6. Heliports established on offshore oil platforms.
  7. Temporary helicopter landing sites that are not within 1000 feet of the boundary of a public or private school maintaining kindergarten classes or any classes in grades 1 through 12 (see California Heliport Definitions).
  8. Emergency medical services (EMS) landing sites (see California Heliport Definitions).
  9. Emergency use facilities (see California Heliport Definitions).
Note:

  1. An owner of an exempt heliport may apply for a permit under these regulations.
  2. The above-listed exemptions do not supersede or negate any requirements of Federal agencies or local government jurisdictions.
  3. A heliport's exemption ceases if the heliport's owner no longer operates the heliport within the limitations of the exemption.
  4. A separate heliport permit is not required for a designated heliport located within the boundaries of a permitted airport if the heliport meets heliport design standards as described in Article 4 of the CCR (Sections 3550, 3552, 3554).
    (However, for these “on airport” heliports, the Department needs to approve the proposed heliport. See the Site Approval section for more information.)
 
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Tyger

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Maybe NY, and or back east.
But in CA = San Diego only the top of skyscrapers have helipads but they are not open to the public.
They used to let helicopters land in Manhattan on the PanAm building – right over Grand Central Station – until this happened:

Now the only Manhattan heliports are at the edges of the Hudson and East rivers.
 
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All_In

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In Ca as I said only in unincorporated areas.
Personal-use heliports in unincorporated areas which meet the requirements of Article 5 of CCR 3560. (Just as I was told by CA helicopter pilots and shared with all of you on in unincorporated areas in CA!!!)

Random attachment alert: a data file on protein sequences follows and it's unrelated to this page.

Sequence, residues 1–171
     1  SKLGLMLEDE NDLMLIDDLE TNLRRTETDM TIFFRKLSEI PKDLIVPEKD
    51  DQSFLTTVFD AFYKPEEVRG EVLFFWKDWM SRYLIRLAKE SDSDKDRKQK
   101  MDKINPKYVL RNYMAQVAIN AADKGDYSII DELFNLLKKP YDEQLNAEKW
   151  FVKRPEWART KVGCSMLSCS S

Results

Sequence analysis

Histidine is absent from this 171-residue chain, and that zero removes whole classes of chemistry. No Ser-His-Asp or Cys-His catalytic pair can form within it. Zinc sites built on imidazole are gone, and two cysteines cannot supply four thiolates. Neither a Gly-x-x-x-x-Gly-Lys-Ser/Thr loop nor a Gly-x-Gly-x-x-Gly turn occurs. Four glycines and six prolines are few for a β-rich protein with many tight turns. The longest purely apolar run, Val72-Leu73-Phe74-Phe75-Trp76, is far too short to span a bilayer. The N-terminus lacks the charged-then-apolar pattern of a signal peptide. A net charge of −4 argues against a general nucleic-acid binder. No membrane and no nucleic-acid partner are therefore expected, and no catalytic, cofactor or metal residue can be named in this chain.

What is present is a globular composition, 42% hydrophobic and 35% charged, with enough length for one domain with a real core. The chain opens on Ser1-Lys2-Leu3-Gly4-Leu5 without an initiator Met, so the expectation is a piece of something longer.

Tyger

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But where does it say a landing has to be at a heliport (or airport) to be legal?

And what about this exemption?
the following types of heliports are exempt from State Heliport Permit requirements... Temporary helicopter landing sites that are not within 1000 feet of the boundary of a public or private school maintaining kindergarten classes or any classes in grades 1 through 12.
 

Mayfield

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But where does it say a landing has to be at a heliport (or airport) to be legal?

And what about this exemption?
the following types of heliports are exempt from State Heliport Permit requirements... Temporary helicopter landing sites that are not within 1000 feet of the boundary of a public or private school maintaining kindergarten classes or any classes in grades 1 through 12.
Precisely.
 

All_In

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I don't think this is a new regulation, actually.
The Noise Policy for Management of Airspace Over Federally Managed Areas, issued November 8, 1996, states that it is the policy of the FAA in its management of the navigable airspace over these locations to exercise leadership in achieving an appropriate balance between efficiency, technological practicability, and environmental
concerns, while maintaining the highest level of safety.
The Federal Aviation Administration (FAA) receives complaints concerning low flying aircraft over noise sensitive areas such as National Parks, National Wildlife Refuges, Waterfowl Production Areas and Wilderness Areas. Congress addressed aircraft flights over Grand Canyon National Park in Public Law 100-91 and commercial air tour operations over other units of the National Park System (and tribal lands within or abutting such units) in the National Parks Air Tour Management Act of 2000.
In my over 40 years of flying over parks, this is very new.
1) We did not have to ask permission to land on national forest.
2) There were a few parks like the Grand Cajon and Yosemite that had over-fly ceilings.
3) The others had wildlife areas with ceilings IIRC some less than the new 2000'.
4) We did not have to ask permission to land in a national forest.
 

All_In

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But where does it say a landing has to be at a heliport (or airport) to be legal?

And what about this exemption?
the following types of heliports are exempt from State Heliport Permit requirements... Temporary helicopter landing sites that are not within 1000 feet of the boundary of a public or private school maintaining kindergarten classes or any classes in grades 1 through 12.
All I know is, in CA, it must be very hard to get a permit or there would not be so few helicopter pads marked on our charts.